throughout one's life: adhering to a diet with the proper amounts of calcium and vitamin D, avoiding smoking and heavy alcohol drinking, and exercising regularly.
Rickets is a disease in young children that is brought about by a deficiency of vitamin D (the disease is also called vitamin D deficiency). When the deficiency occurs for a period of many months in children whose bones are still developing, softened bones and other bone defects occur.
While some vitamin D is supplied by the diet, most of it is made in the body from the Sun's rays. In the lower layers of the epidermis (thin, outer layer of the skin), cells contain a form of cholesterol or a fatlike substance produced by the liver that is an essential part of cell membranes and body chemicals. When exposed to UV radiation from the Sun, that cholesterol changes into vitamin D. The body then alters vitamin D to produce a hormone that keeps the concentration of calcium at a constant level in the bloodstream by stimulating the absorption of calcium from digested food in the intestines.
When there is a vitamin D deficiency, though, the calcium level in the blood is too low to help create hardened bone. The result is soft bone.
The symptoms of rickets include bowed legs and arms. The bowed appearance is due to the softening of the bones and their bending if the bones are weight-bearing (such as the legs). Other symptoms include a distorted sternum (which produces a protruding pigeon breast), bony bumps on the ribs, and knock-knees. Seizures may also occur because of reduced levels of dissolved calcium in the bloodstream.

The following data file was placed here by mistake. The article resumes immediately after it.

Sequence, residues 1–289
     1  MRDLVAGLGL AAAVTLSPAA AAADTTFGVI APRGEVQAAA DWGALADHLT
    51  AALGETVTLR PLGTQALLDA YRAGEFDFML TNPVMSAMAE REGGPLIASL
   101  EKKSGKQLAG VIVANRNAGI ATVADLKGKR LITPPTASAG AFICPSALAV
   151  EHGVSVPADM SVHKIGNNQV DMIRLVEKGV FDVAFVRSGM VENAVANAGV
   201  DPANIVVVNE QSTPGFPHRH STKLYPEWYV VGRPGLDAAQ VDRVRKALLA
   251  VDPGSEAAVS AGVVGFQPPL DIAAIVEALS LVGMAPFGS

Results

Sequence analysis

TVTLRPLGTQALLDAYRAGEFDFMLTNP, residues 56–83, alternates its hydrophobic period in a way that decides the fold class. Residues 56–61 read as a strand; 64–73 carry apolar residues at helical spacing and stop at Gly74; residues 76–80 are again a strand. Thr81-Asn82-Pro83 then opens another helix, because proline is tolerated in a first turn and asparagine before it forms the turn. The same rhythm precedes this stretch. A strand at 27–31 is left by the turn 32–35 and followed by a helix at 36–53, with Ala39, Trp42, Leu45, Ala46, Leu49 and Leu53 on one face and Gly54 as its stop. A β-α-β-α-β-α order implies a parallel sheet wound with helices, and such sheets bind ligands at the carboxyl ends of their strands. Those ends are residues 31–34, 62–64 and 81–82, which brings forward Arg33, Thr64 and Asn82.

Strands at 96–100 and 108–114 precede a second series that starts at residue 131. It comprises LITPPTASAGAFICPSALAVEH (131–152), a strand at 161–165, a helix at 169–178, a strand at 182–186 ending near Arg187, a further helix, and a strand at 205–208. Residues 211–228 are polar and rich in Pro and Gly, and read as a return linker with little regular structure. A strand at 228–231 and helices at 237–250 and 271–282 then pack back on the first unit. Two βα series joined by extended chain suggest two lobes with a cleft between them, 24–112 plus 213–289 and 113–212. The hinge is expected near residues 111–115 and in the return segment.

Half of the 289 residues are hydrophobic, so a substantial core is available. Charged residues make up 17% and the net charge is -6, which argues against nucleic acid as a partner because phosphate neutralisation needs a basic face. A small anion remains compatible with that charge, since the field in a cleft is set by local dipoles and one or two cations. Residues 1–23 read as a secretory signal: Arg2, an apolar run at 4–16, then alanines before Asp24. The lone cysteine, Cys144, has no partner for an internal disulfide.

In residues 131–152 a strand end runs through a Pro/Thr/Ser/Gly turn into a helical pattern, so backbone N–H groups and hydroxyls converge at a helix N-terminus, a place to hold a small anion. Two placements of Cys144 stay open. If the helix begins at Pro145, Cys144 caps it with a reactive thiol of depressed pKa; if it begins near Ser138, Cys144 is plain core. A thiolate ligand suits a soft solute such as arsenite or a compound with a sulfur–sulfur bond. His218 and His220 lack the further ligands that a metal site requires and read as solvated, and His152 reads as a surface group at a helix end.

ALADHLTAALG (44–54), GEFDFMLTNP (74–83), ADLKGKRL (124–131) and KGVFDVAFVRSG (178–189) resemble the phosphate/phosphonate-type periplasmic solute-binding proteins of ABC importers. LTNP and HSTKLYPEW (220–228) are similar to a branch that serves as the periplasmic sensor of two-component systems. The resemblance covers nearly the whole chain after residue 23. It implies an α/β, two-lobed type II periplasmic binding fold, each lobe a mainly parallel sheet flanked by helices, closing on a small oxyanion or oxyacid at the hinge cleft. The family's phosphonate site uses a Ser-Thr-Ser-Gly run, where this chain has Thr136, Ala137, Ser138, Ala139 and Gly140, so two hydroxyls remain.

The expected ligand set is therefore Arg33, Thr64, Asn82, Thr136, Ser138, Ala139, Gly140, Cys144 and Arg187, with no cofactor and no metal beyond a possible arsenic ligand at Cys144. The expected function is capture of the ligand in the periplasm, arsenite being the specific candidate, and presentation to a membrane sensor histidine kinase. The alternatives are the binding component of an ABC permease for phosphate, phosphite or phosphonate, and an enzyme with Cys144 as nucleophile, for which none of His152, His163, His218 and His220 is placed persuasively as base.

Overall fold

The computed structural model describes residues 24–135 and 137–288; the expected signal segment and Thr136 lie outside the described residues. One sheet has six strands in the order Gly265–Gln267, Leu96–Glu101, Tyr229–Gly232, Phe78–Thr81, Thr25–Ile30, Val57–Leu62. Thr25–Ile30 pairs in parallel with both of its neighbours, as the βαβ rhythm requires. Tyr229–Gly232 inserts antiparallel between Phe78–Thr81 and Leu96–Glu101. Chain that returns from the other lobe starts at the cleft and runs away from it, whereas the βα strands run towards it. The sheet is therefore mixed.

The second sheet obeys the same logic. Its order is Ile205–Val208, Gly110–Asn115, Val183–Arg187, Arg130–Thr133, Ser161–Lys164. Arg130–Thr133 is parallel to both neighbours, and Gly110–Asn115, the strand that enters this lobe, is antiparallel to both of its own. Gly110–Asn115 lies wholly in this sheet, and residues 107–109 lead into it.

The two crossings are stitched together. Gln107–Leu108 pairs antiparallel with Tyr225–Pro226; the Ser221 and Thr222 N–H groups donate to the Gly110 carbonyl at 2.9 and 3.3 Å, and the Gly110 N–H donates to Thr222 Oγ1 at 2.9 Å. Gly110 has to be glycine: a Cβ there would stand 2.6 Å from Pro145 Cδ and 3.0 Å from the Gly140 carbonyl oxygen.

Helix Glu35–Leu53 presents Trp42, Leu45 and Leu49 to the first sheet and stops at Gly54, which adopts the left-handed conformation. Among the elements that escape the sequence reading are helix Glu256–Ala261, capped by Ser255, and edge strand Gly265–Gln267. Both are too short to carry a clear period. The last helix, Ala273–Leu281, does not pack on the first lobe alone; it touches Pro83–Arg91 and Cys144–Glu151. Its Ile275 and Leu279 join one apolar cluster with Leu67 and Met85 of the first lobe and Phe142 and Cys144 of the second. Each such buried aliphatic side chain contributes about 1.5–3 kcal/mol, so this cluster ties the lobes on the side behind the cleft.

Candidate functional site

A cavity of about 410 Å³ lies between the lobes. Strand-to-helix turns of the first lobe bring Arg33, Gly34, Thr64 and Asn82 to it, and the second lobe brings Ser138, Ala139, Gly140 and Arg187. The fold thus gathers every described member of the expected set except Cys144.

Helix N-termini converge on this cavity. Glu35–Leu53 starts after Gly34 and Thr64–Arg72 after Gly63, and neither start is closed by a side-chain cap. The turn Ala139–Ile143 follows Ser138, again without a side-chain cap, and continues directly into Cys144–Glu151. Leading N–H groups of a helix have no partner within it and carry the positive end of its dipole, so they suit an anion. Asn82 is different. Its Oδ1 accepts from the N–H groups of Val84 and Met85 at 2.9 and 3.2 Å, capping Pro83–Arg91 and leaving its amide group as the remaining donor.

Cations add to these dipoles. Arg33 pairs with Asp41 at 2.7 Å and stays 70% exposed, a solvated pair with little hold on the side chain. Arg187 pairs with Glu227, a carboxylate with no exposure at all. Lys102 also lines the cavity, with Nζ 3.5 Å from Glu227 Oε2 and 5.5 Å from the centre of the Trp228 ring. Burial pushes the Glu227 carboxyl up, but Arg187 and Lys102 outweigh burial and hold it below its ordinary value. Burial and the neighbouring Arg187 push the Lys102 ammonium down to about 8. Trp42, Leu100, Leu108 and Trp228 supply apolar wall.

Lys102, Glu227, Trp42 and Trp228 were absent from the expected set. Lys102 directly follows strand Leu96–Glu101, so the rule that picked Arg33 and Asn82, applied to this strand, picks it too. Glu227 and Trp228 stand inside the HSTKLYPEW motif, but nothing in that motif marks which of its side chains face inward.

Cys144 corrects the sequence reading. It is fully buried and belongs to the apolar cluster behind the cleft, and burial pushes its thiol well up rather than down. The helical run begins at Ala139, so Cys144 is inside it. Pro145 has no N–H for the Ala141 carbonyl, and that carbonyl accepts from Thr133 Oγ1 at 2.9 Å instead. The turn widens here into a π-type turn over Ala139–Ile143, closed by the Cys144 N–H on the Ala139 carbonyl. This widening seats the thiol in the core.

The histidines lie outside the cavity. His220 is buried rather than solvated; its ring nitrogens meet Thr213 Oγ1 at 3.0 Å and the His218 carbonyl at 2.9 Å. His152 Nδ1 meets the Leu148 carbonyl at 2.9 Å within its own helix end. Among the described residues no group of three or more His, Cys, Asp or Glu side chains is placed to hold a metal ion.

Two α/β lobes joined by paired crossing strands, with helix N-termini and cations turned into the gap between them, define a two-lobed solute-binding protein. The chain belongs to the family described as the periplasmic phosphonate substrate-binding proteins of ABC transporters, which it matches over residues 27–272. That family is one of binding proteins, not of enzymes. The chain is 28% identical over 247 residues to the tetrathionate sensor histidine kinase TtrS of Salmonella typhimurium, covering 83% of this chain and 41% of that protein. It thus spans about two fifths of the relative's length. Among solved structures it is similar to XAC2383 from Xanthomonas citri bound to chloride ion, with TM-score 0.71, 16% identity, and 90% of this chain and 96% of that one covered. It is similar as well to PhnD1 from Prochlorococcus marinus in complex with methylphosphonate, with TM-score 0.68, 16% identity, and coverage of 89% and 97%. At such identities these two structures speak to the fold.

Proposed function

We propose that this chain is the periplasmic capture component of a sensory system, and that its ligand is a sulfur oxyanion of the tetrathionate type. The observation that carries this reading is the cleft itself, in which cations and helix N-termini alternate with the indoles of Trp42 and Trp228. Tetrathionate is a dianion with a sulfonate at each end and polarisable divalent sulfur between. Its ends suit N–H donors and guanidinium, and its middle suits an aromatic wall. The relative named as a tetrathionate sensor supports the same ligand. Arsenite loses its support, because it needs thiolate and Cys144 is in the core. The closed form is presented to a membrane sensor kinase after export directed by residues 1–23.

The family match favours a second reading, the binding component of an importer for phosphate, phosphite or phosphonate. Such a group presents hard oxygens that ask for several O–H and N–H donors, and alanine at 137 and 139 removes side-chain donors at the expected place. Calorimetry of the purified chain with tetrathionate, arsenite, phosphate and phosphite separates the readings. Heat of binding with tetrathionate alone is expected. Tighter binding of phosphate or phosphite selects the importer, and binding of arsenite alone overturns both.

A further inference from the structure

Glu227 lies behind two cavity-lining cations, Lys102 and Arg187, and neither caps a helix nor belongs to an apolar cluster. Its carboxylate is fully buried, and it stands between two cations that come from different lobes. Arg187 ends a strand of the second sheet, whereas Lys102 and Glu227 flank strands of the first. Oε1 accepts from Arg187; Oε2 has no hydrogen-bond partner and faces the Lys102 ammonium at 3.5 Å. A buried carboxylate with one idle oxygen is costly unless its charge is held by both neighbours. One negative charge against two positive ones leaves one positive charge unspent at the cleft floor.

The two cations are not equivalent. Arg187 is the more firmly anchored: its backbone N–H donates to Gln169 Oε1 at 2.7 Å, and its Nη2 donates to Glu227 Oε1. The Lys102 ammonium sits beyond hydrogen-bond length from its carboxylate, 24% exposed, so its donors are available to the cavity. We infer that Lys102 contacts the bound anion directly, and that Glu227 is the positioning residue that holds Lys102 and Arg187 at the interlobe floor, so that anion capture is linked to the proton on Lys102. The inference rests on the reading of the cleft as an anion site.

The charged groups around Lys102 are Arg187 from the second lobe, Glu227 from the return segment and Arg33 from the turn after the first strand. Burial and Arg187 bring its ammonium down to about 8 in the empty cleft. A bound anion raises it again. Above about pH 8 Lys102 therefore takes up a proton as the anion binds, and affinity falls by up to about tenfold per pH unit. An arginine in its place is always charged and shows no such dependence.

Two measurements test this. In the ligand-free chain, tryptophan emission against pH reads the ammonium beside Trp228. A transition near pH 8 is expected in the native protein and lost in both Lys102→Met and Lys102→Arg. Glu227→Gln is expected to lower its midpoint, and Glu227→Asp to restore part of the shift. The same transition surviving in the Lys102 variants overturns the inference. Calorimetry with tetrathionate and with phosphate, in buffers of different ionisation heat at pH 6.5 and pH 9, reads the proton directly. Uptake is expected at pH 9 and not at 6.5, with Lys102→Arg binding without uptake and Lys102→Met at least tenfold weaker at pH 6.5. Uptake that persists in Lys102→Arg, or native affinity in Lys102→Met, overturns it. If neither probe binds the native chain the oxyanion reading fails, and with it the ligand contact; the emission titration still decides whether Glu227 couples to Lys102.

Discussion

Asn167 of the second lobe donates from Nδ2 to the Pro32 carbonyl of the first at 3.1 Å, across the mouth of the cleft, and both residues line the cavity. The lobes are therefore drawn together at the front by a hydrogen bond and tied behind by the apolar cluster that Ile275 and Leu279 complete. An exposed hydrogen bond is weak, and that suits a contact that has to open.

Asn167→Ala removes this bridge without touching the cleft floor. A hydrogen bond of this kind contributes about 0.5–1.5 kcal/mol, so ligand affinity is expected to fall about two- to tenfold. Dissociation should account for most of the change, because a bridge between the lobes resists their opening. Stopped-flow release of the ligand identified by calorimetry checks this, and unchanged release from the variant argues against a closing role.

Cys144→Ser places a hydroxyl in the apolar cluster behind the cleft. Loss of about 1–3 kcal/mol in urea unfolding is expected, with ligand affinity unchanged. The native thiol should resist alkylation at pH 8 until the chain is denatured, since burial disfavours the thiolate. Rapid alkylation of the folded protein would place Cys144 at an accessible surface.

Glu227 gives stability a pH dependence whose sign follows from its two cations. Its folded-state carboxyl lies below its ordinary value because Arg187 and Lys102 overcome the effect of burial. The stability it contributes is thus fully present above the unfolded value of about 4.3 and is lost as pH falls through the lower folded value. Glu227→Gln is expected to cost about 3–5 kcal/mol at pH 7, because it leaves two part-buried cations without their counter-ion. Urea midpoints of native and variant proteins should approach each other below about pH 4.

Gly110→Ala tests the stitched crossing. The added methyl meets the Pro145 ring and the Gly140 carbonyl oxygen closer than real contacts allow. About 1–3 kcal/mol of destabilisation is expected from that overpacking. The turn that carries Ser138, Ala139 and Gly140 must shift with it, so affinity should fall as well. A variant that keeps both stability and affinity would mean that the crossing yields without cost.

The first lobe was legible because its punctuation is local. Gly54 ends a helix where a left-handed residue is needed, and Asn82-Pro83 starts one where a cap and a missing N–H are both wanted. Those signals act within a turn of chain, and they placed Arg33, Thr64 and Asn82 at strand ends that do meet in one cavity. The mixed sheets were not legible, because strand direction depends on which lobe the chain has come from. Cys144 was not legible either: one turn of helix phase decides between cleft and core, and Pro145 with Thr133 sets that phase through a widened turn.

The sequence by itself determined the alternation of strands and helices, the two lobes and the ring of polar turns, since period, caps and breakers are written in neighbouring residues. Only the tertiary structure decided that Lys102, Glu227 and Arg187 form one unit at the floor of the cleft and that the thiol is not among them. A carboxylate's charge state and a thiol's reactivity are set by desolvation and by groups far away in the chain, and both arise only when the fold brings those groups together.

Rickets is almost always treated with oral supplements of vitamin D. Children suffering from the disease are also encouraged to play outside with their faces exposed to sunlight for at least twenty minutes a day. This type of treatment heals rickets promptly. Bone abnormalities generally disappear gradually over a period of three to nine months.
Foods that are good sources of vitamin D include cod liver oil, egg yolks, butter, and oily fish. Some food, including milk and breakfast cereals, are also fortified with synthetic vitamin D. Food fortification (the adding of vitamin to food by the manufacturer) has almost completely eliminated rickets in the United States.
Scoliosis is a sideways curvature of the spine or vertebral column. Normally, the spine has a set of front-to-back curves. When viewed from rear, a normal spine usually appears straight.
A small degree of lateral (sideways) curvature in the spine does not cause any medical problems, but larger lateral curves can cause imbalance and lead to muscle fatigue and pain. More severe scoliosis can interfere with breathing and lead to arthritis of the spine.